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Speaking from experience

Speaking from experience

Speaking from experience

Fleeing domestic violence is not always simple or an easy process for victim-survivors.

By Sepideh*

I grew up in Shiraz, Iran, a very beautiful city. I was living with my parents and working as an English teacher. My family, including my two brothers, have always been supportive, and we are all close.

After teaching for several years, I decided to get my international English teaching certificate. I went to Tbilisi, Georgia, in 2017 for this course and was offered work at the British Council in Georgia, so ended up staying there for two years.

During this time, Ehsan*, my mother’s cousin, who lived in Australia, told me he had been in love with me for years and proposed. He came to Tbilisi for a visit so we could spend time together. He wanted to get married in Iran, but I wanted to go to Australia and get to know him better first.

I returned to Iran in July 2019 and soon received a visa to Australia. I would stay with Ehsan in his big house and have my own room. I wanted to find a job and be independent, but he insisted I stay at home. He said he didn’t trust me and didn’t want me working.

I started talking to my mum more and more, and Ehsan said I could only talk to her and my friends when he was around. When I told him he couldn’t control my relationships, he took my phone and threw it at the wall.

Violence increases

I’ll never forget the night he raped me. Afterwards I went to the bathroom, crying loudly, but he didn’t come to help me. I had some bleeding and didn’t know what to do. I called my mum – she was crying and told me to book into a hotel, but I didn’t have money or a job and there was no one to help me.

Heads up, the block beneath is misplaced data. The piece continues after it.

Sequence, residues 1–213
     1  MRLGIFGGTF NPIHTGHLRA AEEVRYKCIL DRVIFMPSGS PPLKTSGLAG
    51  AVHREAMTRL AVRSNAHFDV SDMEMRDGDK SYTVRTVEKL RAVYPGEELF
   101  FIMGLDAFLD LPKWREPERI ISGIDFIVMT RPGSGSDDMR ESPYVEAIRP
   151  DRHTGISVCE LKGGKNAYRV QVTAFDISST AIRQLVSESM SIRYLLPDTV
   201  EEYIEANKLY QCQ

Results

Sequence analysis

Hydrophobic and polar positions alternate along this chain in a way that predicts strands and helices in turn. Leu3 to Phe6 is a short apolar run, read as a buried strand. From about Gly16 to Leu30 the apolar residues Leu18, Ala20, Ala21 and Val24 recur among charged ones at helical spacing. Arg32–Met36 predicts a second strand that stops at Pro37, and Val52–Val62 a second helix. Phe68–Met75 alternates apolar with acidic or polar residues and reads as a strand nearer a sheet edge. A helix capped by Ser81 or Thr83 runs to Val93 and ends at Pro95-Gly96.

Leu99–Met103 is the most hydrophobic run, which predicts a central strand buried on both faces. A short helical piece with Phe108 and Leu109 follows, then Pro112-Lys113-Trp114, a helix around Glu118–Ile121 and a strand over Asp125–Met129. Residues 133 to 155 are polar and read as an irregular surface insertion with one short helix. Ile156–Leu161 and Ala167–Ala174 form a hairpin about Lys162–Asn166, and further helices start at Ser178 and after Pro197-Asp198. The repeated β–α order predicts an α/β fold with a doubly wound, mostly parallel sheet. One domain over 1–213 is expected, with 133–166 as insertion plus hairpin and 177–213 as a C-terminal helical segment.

Ehsan became more and more aggressive, and I called his brother’s wife telling her what I was experiencing. When she and Ehsan’s brother came there were insulting words and a physical fight. I called the police, and when I told them the police were on their way they ran out of the house. Two or three days later a lady from Police Victim Services called and asked me if I wanted to leave.

Accessing help

Soon afterwards, when Ehsan left for work, I took an uber with all my luggage, telling the driver that I was running away. I went to The Salvation Army for emergency accommodation. I went to Samaritan House and my first case manager talked to me. We met with the police, and I gained an AVO so I would not be threatened again.

I then met with a solicitor who gave me good advice, and I got my permanent residency visa. I got a job as an admin assistant in community services, where I worked for six months, before losing the job due to the COVID-19 lockdown.

I was on Centrelink payments for a long time, but my second case manager found a transitional place and set up an apartment for me. During this time, I had many hours of consultation with a psychologist from victim services. The Salvos helped coordinate all this, and I am so grateful to them.

When I lost my job, I made cakes and pastries and sold them on Instagram. My little business was good for my mental and physical health. Later I again started looking for a job and got a three-month contract as an admin accountant, and then a short-term casework job.

A rewarding job

I preferred to have a longer contract to feel more secure and started at a Sydney multicultural community service. I studied at TAFE for a diploma in community services and got a job with St Vincent de Paul as a case manager.

When I lived for 10 months in a Salvation Army refuge, I saw domestic violence from so many different perspectives involving people from so many countries. I very much wanted to work for the Salvos so I could help those who are fragile and vulnerable.

Now my clients know that I have been there too, and they are grateful that I can help them overcome their problems. My job is so rewarding – after my traumatic experiences, helping and supporting people in similar situations is what I love to do.

*Names have been changed.

 

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